Tuesday, November 18, 2008

Britney Has Seen Groundhog Day


I would not really have suspected that Britney Spears was a Groundhog Day fan, but apparently she is enough of one to even use it as a reference point in an interview she gave in a show for UK television. Of course the interview is part of a special, and it is being shown the day before her new album is released and it was executive produced by her manager Larry Rudolph so even though it appears to be candid, one really has to wonder how much of it is designed to make us feel sorry for her on purpose so we will all rush out and buy her new album.

I feel pretty sorry for her when I read it, and then I realized she doesn't really understand why she is in the position she is in.

She says, 'I have really good days, and then I have bad days. Even when you go to jail, y'know, there’s the time when you’re gonna get out. 'But in this situation, it’s never ending. It’s just like Groundhog Day every day.' 'I think it’s too in control. If I wasn’t under the restraints I’m under, I’d feel so liberated. When I tell them the way I feel, it’s like they hear but they’re really not listening. 'If you do something wrong in your work, you can move on, but I’m having to pay for a long time.'I never wanted to become one of those prisoner people. I always wanted to feel free.''I think I've learnt my lesson now and enough is enough.'

Umm, yeah, she's just like one of those prisoner people. Do you think the people in prison feel she is living their life? Yeah, me either. She may have learned her lesson, but I also think that if her dad had not stepped in, Britney would be dead right now. I'm not sure she understands that. To me, when I read these quotes she seems like a person who doesn't quite comprehend that it wasn't just someone who was going out and getting drunk a few times. I wonder if she has even seen the photos of how she looked or seen the footage of the way she was acting. If she has had the guts to sit there and look at the meltdown we were forced to endure each day. I don't get a sense from this that she is ready to be on her own. I'm sure she would feel liberated and I'm sure she would be right back in the same place she was a year ago. Her transformation is remarkable, but it has only occurred because of being one of those prisoner people.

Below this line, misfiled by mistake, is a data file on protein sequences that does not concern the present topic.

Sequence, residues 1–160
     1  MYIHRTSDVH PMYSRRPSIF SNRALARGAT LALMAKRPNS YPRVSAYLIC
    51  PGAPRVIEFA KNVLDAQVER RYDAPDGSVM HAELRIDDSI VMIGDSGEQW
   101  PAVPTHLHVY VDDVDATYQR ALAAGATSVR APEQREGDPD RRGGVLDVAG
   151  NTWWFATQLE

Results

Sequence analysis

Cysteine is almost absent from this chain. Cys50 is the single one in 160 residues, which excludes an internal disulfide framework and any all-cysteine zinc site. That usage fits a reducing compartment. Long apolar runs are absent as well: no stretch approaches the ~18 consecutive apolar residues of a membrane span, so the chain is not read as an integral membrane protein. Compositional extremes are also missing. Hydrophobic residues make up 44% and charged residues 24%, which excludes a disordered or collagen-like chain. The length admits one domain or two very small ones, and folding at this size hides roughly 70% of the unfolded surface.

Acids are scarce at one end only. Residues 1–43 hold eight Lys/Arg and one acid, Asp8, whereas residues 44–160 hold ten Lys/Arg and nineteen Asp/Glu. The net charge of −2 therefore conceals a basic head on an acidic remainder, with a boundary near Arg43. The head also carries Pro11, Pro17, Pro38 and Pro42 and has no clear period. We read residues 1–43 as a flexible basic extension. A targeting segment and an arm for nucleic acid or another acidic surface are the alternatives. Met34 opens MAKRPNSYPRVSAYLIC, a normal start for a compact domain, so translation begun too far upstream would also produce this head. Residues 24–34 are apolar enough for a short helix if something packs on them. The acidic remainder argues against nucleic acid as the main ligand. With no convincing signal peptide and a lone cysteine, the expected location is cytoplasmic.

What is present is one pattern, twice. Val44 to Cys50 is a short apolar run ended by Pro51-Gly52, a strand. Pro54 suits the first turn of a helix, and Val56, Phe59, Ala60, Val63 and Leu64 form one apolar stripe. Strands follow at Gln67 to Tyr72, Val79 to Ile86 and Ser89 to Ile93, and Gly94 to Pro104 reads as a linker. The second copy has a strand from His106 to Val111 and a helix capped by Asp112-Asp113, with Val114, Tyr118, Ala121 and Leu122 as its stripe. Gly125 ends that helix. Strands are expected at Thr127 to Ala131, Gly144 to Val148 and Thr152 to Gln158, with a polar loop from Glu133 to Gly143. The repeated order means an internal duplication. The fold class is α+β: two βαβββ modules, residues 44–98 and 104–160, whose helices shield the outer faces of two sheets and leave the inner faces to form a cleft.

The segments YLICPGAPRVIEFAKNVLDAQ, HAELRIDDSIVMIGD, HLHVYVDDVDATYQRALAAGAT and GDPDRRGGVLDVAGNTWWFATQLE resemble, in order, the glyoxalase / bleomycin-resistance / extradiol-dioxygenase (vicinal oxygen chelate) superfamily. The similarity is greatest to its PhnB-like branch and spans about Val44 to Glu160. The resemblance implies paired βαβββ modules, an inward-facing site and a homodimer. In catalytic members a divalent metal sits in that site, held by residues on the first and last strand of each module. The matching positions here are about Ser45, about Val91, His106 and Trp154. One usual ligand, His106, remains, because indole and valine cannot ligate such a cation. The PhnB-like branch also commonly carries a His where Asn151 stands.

22 comments:

DNfromMN said...

I have heard those phrases way too many times. That is the refrain of a bipolar person with no insight. Mania's fun til someone gets hurt.

notamuse(d) said...

Everyone's life is constrained by something- money, weight, responsibilities, health. Smart mature people find ways to change what they can and creatively live with what they can't. She should either grow up and take charge of her life or just shut up and be the performing monkey her parents have made her into.

Quintessential Southerner said...

right dn, she is a bonafide person with bipolar disorder.

canadachick said...

isnt' that why most bi-polars go off their meds...i feel fine ..now. Then the cycle starts again and they get to like the manic stages...and forget about the lows.

Sad sad little girl

KellyLynn said...

I really don't know too many people with mental conditions who don't feel that way sometimes, although the way she puts it sounds a bit ditzy. The side effects from meds for schizophrenia, anxiety and depression can sometimes make a person feel like being "crazy" is a more palatable alternative than feeling bland inside, and it's hard for people who don't have those conditions to understand anything other than "crazy" and "not crazy". And I'm also sure that there are a lot of people who will read that article and totally get what she means.